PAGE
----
Watchdog Cracks Down on Holiday Comparison Sites

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Watchdog Cracks Down on Holiday Comparison Sites

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By Trevor Clawson

With the summer holiday season now underway, those who haven’t as yet booked a week or two in the sun may well be checking out low cost airlines and hotel comparison sites to find the perfect combination of price, quality and destination.

And on the face of it, finding a bargain hotel has never been easier. You simply log onto one of the numerous booking sites, key in a destination along with time period and, hey presto, the smart software will pull up a list of suitable rooms. Helpfully, the software may also let you know if anyone else is looking at a particular room. No pressure, you understand. Just an extra piece of information to let you know that it might be a good idea to secure the booking before someone else does. According to UK consumer law regulator, the  Competition and Markets Authority (CMA), around 70% of those who book hotels independently use booking engines and comparison sites. Leading players include Hotel.com, Booking.com, Expedia and Trivago.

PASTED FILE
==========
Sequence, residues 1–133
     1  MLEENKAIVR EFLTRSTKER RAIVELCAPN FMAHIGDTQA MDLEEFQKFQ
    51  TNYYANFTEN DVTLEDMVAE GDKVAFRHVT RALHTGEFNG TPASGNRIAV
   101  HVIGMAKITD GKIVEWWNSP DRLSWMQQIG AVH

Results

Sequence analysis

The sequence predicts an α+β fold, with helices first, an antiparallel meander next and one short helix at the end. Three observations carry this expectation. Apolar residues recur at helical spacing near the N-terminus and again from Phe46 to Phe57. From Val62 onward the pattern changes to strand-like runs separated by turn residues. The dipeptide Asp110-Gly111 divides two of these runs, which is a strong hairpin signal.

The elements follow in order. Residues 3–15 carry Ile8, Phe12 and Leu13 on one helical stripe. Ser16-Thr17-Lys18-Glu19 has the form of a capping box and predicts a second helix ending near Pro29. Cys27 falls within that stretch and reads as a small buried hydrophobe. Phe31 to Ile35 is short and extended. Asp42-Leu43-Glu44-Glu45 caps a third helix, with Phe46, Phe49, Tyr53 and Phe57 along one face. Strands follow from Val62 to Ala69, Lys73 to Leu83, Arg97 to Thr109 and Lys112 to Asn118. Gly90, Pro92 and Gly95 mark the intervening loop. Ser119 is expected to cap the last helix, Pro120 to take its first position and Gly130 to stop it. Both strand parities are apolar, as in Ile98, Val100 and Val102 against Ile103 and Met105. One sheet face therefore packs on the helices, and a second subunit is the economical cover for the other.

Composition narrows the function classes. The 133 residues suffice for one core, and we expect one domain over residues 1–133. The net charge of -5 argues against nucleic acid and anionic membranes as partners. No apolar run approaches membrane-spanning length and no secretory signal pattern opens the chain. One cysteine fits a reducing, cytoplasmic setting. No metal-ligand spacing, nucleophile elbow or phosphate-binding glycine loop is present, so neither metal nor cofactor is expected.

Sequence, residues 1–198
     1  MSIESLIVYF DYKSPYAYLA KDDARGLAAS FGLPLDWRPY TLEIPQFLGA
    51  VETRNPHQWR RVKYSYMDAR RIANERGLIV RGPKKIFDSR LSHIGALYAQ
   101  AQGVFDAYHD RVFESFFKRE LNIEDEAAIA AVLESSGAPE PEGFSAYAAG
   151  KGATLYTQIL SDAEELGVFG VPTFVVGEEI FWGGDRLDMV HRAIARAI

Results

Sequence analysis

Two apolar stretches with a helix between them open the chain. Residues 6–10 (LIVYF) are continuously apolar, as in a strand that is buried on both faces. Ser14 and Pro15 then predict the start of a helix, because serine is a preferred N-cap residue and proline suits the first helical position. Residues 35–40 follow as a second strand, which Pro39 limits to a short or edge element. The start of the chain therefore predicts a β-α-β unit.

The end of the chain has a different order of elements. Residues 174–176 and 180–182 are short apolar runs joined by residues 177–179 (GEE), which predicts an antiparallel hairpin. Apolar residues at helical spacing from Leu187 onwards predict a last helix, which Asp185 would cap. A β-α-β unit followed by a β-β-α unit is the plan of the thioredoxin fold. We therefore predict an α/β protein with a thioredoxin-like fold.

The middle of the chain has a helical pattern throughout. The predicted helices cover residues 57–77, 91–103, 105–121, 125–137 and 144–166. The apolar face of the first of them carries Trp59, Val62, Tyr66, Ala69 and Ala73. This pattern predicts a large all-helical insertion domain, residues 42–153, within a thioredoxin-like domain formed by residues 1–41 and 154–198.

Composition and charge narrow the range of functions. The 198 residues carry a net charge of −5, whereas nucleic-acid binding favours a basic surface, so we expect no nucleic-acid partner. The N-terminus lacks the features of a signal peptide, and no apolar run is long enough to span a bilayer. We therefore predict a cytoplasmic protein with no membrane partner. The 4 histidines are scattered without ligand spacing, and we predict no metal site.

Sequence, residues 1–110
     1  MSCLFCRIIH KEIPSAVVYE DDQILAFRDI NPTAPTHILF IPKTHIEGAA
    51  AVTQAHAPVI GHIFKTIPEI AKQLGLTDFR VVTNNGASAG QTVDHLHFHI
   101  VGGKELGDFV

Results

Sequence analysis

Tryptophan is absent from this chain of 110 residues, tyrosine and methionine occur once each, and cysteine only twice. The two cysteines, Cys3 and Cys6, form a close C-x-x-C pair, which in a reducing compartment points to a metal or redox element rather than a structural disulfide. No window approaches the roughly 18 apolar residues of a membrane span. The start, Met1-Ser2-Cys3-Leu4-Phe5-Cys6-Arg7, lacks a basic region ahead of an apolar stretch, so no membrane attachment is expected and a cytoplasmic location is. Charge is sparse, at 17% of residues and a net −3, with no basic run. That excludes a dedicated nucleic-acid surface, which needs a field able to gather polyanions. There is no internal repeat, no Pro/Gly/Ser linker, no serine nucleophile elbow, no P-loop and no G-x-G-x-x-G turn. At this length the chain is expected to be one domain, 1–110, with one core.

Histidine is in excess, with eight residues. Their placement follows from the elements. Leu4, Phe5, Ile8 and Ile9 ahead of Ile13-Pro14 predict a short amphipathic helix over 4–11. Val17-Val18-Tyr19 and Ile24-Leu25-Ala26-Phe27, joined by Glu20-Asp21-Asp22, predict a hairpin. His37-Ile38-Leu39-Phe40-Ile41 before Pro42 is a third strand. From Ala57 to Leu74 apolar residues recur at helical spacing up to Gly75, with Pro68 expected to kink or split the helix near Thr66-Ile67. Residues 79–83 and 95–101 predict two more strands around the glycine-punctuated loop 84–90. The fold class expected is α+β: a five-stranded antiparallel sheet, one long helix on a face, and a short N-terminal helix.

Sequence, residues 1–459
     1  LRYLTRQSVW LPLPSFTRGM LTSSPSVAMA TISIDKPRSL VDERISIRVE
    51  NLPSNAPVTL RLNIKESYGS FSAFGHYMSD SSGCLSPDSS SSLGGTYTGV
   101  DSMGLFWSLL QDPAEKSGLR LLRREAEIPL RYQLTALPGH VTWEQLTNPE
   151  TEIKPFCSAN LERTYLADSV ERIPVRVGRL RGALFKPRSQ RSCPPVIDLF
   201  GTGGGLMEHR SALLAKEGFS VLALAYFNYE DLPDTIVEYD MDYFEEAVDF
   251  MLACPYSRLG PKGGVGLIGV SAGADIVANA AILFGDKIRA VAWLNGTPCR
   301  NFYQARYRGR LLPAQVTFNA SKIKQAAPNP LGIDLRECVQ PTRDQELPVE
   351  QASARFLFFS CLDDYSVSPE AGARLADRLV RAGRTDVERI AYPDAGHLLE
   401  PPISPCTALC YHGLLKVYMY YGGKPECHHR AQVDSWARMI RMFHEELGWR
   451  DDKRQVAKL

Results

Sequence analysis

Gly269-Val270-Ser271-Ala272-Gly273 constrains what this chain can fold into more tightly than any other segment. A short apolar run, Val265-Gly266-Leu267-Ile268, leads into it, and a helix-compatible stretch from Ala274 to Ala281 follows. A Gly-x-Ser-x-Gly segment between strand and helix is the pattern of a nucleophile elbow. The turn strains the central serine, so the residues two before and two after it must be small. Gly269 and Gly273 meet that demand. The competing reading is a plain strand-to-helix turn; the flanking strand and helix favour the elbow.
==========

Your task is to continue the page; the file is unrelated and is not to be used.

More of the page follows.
But the CMA is concerned that at least some of these sites are failing to deliver on their promise of helping customers find a hotel room at the keenest possible rate. Instead, the price that a consumer is offered may be dictated by the business model of the booking platform and its relationship with partners in the hotel industry. Following an investigation that began last October, the regulator has issued enforcement orders to a number of unnamed companies, warning they face further action unless they align their practices. With consumer law.